ATM Operators Will Be Liable for Chip-Enabled Mastercard Fraud Starting October 21st

October 18, 2016, Written By Bill Hardekopf

One year after America transitioned to EMV chip cards, many card providers and merchants still haven’t made the switch to smartchip technology. Mastercard has set new rules for ATM operators that will make them liable for fraud costs, beginning this Friday, October 21. Until now, ATMs have been kept out of the liability loop, with the focus on retailers and point of sale machines.

The policy change with ATM operators was set to take place on October 1, but Mastercard decided to extend it an extra 20 days to give ATM operators more time to install new software and hardware on their machines. There are a number of manufacturers that make EMV conversion kits for new and old ATMs, but some older machines are not compatible with the new technology. For those machines, the only option is to completely replace the ATM.

Converting to chip technology is not a simple process. It requires new card readers to process the smartchips, as well as software that can be integrated with the existing programs on the machine. This is one of the reasons why many ATM operators have yet to make the switch, because they have not had enough time to execute these actions across their fleet of machines. If they refuse to do so now, they could face hefty fines in the event of a fraudulent transaction on a Mastercard used at one of their machines.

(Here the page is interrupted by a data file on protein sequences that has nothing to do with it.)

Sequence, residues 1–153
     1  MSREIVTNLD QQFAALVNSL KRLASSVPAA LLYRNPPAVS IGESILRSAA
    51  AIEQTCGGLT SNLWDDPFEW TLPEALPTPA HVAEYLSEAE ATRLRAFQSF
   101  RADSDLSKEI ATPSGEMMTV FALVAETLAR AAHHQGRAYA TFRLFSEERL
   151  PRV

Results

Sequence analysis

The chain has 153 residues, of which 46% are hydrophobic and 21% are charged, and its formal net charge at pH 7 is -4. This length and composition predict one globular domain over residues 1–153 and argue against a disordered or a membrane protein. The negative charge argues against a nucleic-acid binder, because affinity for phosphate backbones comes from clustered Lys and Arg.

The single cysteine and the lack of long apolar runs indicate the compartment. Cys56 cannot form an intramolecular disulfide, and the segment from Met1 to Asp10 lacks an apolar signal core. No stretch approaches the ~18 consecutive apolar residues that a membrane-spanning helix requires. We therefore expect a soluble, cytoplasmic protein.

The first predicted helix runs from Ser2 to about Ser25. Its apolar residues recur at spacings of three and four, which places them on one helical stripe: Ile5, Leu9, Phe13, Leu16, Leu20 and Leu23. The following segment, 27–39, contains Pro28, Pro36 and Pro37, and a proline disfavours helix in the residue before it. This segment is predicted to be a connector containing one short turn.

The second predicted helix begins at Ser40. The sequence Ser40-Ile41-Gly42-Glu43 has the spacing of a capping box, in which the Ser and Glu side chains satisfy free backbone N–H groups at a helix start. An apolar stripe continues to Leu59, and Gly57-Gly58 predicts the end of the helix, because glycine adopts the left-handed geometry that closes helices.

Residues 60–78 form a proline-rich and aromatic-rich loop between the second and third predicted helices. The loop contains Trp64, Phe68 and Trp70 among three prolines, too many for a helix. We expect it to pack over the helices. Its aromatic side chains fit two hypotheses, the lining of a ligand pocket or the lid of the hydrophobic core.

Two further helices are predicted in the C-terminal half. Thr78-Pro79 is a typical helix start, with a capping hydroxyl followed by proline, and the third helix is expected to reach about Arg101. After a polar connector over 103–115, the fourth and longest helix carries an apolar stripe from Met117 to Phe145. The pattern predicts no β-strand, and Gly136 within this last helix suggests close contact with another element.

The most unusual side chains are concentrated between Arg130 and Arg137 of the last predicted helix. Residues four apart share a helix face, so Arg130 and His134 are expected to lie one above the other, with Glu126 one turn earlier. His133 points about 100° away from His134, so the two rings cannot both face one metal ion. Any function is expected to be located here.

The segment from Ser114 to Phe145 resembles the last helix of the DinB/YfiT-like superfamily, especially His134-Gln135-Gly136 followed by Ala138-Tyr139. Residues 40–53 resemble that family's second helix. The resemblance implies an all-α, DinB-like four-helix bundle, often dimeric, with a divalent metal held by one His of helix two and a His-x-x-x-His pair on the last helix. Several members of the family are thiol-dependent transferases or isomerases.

The Wall Street Journal recently cited a study from FICO that showed ATM compromises “jumped more than sixfold from 2014,” reaching record-high numbers in 2015. This gives Mastercard and other card providers all the more incentive to put the pressure on ATMs to support EMV transactions.

The information contained within this article was accurate as of October 18, 2016. For up-to-date
information on any of the terms, cards or offers mentioned above, visit the issuer's website.

About Bill Hardekopf

Bill Hardekopf is the CEO of and covers the credit card industry from all perspectives. Bill has been involved with personal finance for over 15 years. He is a frequent contributor to Forbes, The Street and The Christian Science Monitor.
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